"The use of "shanzhai" became popular with the outstanding sale performance of "shanzhai" cell phones. According to Gartner’s data, 1.15 billion cell phones were sold worldwide in 2007, and according to data provided by the Chinese government, 150 million "Shanzhai" cell phones were sold in the same year, thus making up more than one tenth of the global sales.
The market for "shanzhai" cell phones is not only in China, but also in the surrounding developing countries in Asia, and Third World countries in Africa and Latin America. The outstanding sales performance of "shanzhai" cell phones is usually attributed to their low price, multifunctional performance and imitations of trendy cell phone design. Although "shanzhai" companies do not use branding as a marketing strategy, they are known for their flexibility of design to meet specific market needs. For example, during Barack Obama’s 2008 U.S. presidential election campaign, "shanzhai" cell phone companies started selling "Obama" cell phones in Kenya, with the slogan "yes we can" and Obama’s name on the back of the cell phone. They also designed "Bird Nest" and "Fuwa" (福娃) cell phones in light of the Beijing Olympic Games.
Before the booming "shanzhai" cell phone industries, since the early 2000s, imitation electronic products like DVD players and MP3 players were already manufactured in the Pearl River Delta ("珠三角") area. Many "shanzhai" cell phone companies accumulated their capital in that process. After understanding that many buyers like lookalike phones, but didn't need blaring fake logos, many manufacturers adopted a practice of not using fraudulent logos, instead opting for a generically designed logo. So while an overseas buyer can easily find a lookalike phone, some sellers only sell those without the fake logo.
"Shanzhai" cellphones can be sold at very low prices compared to normal cellphones. On average, the imitations sell at retailers at about $US100-$US150, while production costs are about $US20.
"Shanzhai" cell phone factories are able to manufacture at a very low cost for two reasons. First, they do not buy cell phone manufacture licenses from the Chinese government, thus saving all the related costs. Second, the Taiwanese company Mediatek has developed a complete chain of core technology support for cell phones to sell at a much lower cost than the traditional suppliers of large cell phone companies like Nokia and Motorola.
Although there many fake garments, watches, bags, and shoes in China, they are not called "shanzhai" products, perhaps because these fake products came into existence earlier than fake cellphones and the newer use of the term "shanzhai". "Shanzhai" cell phones may stand out as the most successful and most often discussed "shanzhai" products, because cell phones strongly symbolize wealth in china, but they are much more affordable than other symbolic signs of wealth like cars and apartments.
Quite a few shanzhai cell phone companies tried to exploit the market by making shanzhai Netbooks, but these gained little market acceptance and sales." (http://en.wikipedia.org/wiki/Shanzhai)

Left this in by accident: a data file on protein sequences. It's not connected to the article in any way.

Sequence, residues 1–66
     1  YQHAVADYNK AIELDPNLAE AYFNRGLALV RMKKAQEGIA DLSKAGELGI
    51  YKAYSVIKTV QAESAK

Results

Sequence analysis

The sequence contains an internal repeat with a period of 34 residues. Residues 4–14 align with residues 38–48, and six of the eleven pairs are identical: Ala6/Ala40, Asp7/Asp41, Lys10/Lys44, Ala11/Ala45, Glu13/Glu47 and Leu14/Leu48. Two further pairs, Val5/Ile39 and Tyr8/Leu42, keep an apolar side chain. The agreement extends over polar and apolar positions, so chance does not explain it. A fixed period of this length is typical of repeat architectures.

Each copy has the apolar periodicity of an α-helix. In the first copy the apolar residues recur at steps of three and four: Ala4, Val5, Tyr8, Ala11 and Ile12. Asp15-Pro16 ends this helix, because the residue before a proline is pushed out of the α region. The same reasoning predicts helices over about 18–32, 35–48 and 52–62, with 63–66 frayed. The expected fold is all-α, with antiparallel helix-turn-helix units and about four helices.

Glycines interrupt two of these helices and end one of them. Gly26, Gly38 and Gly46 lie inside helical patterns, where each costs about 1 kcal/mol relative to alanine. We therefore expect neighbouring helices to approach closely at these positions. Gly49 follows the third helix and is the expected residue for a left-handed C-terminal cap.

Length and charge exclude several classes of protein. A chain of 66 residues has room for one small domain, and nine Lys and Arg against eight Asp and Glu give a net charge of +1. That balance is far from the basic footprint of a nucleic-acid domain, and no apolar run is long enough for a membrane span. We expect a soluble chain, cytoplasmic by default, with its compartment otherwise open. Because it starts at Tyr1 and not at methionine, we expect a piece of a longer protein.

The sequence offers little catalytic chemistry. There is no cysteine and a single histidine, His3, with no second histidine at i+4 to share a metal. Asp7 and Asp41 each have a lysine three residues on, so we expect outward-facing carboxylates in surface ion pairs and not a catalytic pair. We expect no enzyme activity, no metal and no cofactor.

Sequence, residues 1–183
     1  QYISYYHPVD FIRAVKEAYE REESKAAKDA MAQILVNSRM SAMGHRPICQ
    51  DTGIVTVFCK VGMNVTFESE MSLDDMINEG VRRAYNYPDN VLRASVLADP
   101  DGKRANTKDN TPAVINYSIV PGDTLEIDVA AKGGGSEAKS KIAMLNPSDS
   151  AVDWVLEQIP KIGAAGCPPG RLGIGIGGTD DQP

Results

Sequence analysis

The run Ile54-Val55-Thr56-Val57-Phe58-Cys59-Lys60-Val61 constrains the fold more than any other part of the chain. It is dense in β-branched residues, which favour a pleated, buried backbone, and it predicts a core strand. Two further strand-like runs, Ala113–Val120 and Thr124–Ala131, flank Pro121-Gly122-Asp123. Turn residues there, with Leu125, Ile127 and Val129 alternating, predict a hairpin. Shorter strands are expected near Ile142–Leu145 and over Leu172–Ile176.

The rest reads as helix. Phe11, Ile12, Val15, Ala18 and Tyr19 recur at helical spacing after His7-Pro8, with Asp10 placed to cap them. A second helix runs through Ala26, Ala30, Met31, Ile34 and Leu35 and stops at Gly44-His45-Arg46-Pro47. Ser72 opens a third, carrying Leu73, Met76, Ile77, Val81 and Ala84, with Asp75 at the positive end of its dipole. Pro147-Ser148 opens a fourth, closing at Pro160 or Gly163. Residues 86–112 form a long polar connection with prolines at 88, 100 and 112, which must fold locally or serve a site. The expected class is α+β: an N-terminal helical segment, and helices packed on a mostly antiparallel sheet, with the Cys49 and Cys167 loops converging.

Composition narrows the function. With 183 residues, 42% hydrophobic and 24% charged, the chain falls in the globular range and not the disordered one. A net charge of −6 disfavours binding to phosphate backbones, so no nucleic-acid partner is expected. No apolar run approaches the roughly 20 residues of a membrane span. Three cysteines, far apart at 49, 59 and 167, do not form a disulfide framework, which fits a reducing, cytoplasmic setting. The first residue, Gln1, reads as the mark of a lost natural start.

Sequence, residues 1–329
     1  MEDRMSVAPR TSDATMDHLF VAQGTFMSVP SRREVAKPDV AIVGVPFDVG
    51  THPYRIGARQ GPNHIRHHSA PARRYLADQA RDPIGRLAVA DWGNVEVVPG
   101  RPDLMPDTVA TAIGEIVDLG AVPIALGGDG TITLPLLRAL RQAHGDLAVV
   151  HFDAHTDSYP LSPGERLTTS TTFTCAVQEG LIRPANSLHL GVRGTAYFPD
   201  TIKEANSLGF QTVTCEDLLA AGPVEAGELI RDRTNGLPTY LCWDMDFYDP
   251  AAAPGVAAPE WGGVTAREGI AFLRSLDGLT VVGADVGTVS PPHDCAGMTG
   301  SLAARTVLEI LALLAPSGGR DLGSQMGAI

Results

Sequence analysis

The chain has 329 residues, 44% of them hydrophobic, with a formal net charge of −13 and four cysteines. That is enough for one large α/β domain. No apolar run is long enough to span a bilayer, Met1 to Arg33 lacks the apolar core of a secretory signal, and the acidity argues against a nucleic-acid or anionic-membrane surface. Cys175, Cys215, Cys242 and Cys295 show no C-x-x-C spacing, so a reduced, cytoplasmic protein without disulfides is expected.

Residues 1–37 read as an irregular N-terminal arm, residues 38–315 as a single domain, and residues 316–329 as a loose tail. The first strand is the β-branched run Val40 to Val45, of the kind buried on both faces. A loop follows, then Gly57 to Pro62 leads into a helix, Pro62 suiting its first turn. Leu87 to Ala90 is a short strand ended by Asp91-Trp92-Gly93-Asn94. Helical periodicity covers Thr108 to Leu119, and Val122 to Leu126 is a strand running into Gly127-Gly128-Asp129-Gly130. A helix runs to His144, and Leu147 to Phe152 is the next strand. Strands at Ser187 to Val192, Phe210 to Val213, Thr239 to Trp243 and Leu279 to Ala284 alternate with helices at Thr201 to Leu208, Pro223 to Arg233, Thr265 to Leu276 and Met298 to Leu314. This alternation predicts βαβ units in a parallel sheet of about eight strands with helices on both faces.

"The term shanzhai, which derives from the Chinese word for bandit, usually refers to the thriving business of making knockoffs of electronic products, or as Shanzai.com more generously puts it, “a vendor, who operates a business without observing the traditional rules or practices often resulting in innovative and unusual products or business models.” But those same vendors are increasingly driving the manufacturing side of the maker revolution by being fast and flexible enough to work with micro-entrepreneurs. The rise of shanzhai business practices “suggests a new approach to economic recovery as well, one based on small companies well networked with each other,” observes Tom Igoe, a core developer of the open source Arduino computing platform. “What happens when that approach hits the manufacturing world? We’re about to find out.” (http://www.wired.com/magazine/2010/01/ff_newrevolution/all/1)
Shanzai as Open Manufacturing using Open Innovation
Commentary from Frank Piller:
"Before, the term open manufacturing often has been connected to the community of people that develop "open" manufacturing technologies like OS-based 3D-printing (Makerbot et al.) and "Open Hardware" (see http://www.openhardwaresummit.org -- I participated at this event but had not time to blog about this yet).
But Mitch is not talking about these initiatives that more or less build on the transfer of the principles of open source software idea to hardware. His approach towards open manufacturing is building more on Henry Chesbrough's understanding of open innovation as a broad collaboration of organizations.
Open manufacturing in Mitch Tseng's understanding builds on the idea that supply chain networks are getting more open and often are organized around a kind of platform that allows the exchange of resources and capacity between the participants. This allows new and smaller players to enter the market and produce new products (often for niche markets) faster and with high efficiency.
One example of open manufacturing in his understanding is the success of Shanzhai manufacturing in China. Originally, this is the name for the Chinese companies that design and market counterfeit electronic products. According to the Blog blogs.gxs.com,
- "The term dates back several hundred years to Chinese mountain bandits which operated outside the purview of the local government."
On the website Shanzhai.com these companies “operate a business without observing the traditional rules or practices, often resulting in innovative and unusual products or business models.”